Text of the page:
1. Limited time only! Sign up for a free 30min personal tutor trial with Chegg Tutors
    Dismiss Notice
Dismiss Notice
Join Physics Forums Today!
The friendliest, high quality science and math community on the planet! Everyone who loves science is here!

Homework Help: Showing two epsilon balls intersection is empty

  1. Dec 1, 2012 #1
    1. The problem statement, all variables and given/known data
    Suppose [itex]x,y \in X[/itex] which is a normed linear space and [itex]x\neq y[/itex]
    . Prove that [itex]\exists r>0[/itex] such that [itex]B(x,r) \cap B(y,r)=∅[/itex]

    2. Relevant equations
    Epsilon Ball

    [itex]B(x,r)={z \in X:||x-z||<r}[/itex]

    3. The attempt at a solution

    So my attempt here is via contradiction and its not workout out. I assume the intersection of the balls around x and y are not empty, and try to use the fact that x is not equal to y and use some typical triangle inequality tricks to attempt to get a contradiction. I always end up getting what I assumed to be true.

    For instance, if the intersection is not empty then there exists an element in both balls. This would imply that the 2*r>ε=||x-y||. However I cant contradict this. What am I doing wrong? Please give any suggestions if you can. I missed this problem on a test and I still can't figure it out.
  2. jcsd
  3. Dec 1, 2012 #2
    So you've assumed, toward a contradiction, that for all [itex]r>0[/itex], [itex]B(x,r)\cap B(y,r)\neq\emptyset[/itex] and shown that this implies that for all [itex]r>0[/itex], [itex]2r>\|x-y\|[/itex].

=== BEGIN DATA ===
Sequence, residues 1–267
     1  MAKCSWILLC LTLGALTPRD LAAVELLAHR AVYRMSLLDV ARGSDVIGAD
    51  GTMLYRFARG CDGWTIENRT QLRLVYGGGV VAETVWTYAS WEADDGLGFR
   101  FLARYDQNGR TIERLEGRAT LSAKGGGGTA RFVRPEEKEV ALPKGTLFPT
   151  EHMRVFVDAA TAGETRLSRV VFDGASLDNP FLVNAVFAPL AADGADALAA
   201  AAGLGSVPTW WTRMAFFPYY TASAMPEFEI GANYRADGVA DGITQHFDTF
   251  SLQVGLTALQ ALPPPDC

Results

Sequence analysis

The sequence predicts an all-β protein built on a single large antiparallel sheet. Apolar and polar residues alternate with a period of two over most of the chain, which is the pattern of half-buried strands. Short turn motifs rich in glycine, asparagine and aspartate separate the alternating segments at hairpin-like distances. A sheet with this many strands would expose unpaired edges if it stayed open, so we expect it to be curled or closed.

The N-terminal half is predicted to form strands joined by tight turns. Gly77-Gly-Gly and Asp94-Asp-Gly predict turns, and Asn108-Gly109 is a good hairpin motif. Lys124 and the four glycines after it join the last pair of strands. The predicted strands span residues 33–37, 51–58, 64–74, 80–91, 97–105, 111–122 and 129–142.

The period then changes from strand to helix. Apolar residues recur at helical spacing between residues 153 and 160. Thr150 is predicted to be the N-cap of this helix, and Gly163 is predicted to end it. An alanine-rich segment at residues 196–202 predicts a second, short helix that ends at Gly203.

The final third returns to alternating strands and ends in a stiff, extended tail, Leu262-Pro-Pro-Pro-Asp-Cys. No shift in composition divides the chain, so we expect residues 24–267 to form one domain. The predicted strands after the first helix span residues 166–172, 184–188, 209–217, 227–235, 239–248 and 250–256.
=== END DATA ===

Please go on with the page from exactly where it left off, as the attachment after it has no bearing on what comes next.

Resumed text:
What happens as [itex]r\rightarrow 0[/itex], what does this say about [itex]x[/itex] and [itex] y[/itex], and how does this contradict the assumptions of the problem?

    For the record, you don't need to do a proof by contradiction here. There is a fairly simple constructive proof (i.e. you can actually find a specific r that works) using the triangle inequality. Try to figure out how that works.
  4. Dec 1, 2012 #3


    Staff: Mentor

    If x ≠ y, then ||x - y|| is a positive number, say d.

    If you take r smaller than d/2, then no point in B(x, r) can also be in B(y, r).
  5. Dec 1, 2012 #4
    gopher_p- I see what you mean, and thank you for the help

    Mark44-This is exactly what I just realized! Thanks

    I think I got it. I let ||x-y||= ε and let the balls have radius of ε/3 and there is no intersection. That way was really incredibly easy... Can anyone give me a hint on how you can do this by contradiction? I got 7/10 points for this proof on a test and got stuck at the end. Apparently by the professors grading I was "on the right track" but missed some final trick.

    Thanks again
Share this great discussion with others via Reddit, Google+, Twitter, or Facebook